|Title||Can combining economizers with improved filtration save energy and protect equipment in data centers?|
|Publication Type||Journal Article|
|Year of Publication||2010|
|Authors||Arman Shehabi, Srirupa Ganguly, Lara A Gundel, Arpad Horvath, Thomas W Kirchstetter, Melissa M Lunden, William F Tschudi, Ashok J Gadgil, William W Nazaroff|
|Journal||Building and Environment|
|Keywords||black carbon, energy efficiency, equipment reliability, Hygroscopic salts, indoor air quality, particulate matter|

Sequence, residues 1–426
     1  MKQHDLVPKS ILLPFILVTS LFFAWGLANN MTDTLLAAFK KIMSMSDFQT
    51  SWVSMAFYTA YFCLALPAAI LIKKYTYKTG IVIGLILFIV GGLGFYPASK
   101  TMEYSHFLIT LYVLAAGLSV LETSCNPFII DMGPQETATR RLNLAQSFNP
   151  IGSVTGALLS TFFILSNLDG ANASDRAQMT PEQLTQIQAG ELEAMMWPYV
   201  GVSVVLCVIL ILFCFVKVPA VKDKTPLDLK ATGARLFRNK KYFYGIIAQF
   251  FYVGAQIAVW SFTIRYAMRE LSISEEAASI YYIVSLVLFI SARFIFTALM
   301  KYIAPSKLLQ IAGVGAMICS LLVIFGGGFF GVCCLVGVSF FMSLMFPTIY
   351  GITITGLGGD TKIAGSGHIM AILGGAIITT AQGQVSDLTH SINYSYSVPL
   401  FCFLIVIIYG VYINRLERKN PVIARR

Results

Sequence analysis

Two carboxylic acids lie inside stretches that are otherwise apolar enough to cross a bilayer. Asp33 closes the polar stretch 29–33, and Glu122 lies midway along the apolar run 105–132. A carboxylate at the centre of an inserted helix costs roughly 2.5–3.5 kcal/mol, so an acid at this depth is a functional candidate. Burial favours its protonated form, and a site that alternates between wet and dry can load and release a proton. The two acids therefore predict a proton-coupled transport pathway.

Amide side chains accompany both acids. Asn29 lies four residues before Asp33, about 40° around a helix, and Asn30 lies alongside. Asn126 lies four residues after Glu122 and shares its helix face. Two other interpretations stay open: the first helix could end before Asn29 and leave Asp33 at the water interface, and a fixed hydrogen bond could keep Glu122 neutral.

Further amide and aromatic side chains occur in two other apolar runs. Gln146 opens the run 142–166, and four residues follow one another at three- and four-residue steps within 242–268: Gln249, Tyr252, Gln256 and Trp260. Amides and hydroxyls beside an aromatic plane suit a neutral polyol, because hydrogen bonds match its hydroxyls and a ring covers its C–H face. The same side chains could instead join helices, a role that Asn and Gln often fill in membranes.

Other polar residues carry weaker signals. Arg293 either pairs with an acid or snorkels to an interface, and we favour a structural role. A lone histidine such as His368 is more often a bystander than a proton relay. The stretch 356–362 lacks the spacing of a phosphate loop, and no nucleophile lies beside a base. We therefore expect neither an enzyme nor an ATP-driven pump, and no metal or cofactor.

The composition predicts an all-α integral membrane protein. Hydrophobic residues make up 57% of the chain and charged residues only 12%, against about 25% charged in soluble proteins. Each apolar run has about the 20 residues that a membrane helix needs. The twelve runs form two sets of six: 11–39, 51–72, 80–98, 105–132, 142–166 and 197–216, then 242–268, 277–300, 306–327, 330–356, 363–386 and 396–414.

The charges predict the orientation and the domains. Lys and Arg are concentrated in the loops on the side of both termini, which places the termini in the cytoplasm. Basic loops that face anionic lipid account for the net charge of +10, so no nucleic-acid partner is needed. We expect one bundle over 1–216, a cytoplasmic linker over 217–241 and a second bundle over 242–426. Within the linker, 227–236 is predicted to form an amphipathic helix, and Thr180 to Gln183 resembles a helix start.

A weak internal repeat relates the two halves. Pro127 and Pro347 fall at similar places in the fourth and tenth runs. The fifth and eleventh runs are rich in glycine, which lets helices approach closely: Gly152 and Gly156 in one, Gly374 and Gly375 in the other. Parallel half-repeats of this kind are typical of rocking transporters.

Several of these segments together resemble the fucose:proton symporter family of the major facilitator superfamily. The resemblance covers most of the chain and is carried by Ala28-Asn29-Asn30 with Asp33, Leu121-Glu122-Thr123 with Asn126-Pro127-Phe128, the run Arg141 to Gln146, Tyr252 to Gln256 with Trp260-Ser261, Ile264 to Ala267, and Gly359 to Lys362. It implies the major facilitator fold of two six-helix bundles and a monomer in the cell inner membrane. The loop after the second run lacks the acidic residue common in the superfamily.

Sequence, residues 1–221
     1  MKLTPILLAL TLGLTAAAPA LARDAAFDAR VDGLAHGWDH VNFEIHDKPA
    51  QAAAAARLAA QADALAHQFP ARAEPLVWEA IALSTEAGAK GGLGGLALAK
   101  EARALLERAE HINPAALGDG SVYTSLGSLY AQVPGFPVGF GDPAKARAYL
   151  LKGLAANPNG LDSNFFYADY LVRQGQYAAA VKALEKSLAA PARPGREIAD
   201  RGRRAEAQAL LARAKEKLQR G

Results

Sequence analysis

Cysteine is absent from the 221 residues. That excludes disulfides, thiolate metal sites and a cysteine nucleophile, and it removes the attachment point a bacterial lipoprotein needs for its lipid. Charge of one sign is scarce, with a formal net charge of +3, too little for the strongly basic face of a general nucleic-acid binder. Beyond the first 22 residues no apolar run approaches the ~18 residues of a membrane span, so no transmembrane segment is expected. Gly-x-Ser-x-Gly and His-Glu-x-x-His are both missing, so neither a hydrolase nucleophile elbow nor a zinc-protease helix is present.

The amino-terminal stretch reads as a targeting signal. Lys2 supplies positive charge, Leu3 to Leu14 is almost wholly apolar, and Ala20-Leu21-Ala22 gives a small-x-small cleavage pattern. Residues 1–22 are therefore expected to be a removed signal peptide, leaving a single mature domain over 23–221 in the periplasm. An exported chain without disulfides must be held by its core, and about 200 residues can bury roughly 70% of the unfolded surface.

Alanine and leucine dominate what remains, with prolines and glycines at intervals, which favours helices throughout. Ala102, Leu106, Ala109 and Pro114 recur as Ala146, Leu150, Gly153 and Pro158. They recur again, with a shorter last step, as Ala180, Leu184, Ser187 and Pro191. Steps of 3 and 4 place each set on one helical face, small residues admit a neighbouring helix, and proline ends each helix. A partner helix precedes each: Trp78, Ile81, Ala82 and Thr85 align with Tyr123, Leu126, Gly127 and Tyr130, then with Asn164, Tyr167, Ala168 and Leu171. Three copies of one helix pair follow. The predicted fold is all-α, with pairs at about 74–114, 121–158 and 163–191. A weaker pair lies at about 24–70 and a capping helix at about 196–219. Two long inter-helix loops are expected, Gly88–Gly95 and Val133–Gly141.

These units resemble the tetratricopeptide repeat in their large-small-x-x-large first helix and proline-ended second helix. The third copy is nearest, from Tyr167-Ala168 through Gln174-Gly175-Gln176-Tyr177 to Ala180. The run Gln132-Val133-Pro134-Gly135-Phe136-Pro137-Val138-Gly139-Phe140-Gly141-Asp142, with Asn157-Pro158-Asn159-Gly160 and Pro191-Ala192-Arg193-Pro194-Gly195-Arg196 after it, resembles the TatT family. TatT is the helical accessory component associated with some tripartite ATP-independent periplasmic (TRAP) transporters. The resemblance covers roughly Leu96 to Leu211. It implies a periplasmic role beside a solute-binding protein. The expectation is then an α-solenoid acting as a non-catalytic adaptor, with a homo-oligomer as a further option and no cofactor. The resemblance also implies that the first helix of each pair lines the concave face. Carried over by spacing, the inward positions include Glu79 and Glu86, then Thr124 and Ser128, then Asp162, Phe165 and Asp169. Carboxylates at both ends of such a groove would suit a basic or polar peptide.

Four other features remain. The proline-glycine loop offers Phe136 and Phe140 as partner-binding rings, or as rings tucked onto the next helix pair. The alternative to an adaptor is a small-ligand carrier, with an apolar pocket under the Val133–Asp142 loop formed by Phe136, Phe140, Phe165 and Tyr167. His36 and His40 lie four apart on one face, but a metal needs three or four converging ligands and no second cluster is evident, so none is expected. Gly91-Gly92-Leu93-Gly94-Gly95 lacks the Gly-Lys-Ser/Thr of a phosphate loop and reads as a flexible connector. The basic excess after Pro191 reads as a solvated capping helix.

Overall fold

Economizer use in data centers is an energy efficiency strategy that could significantly limit electricity demand in this rapidly growing economic sector. Widespread economizer implementation, however, has been hindered by potential equipment reliability concerns associated with exposing information technology equipment to particulate matter of outdoor origin. This study explores the feasibility of using economizers in data centers to save energy while controlling particle concentrations with high-quality air filtration. Physical and chemical properties of indoor and outdoor particles were analyzed at an operating northern California data center equipped with an economizer under varying levels of air filtration efficiency. Results show that when improved filtration is used in combination with an economizer, the indoor/outdoor concentration ratios for most measured particle types were similar to levels when using conventional filtration without economizers. An energy analysis of the data center reveals that, even during the summer months, chiller savings from economizer use greatly outweigh any increase in fan power associated with improved filtration. These findings indicate that economizer use combined with improved filtration could reduce data center energy demand while providing a level of protection from particles of outdoor origin similar to that observed with conventional design.
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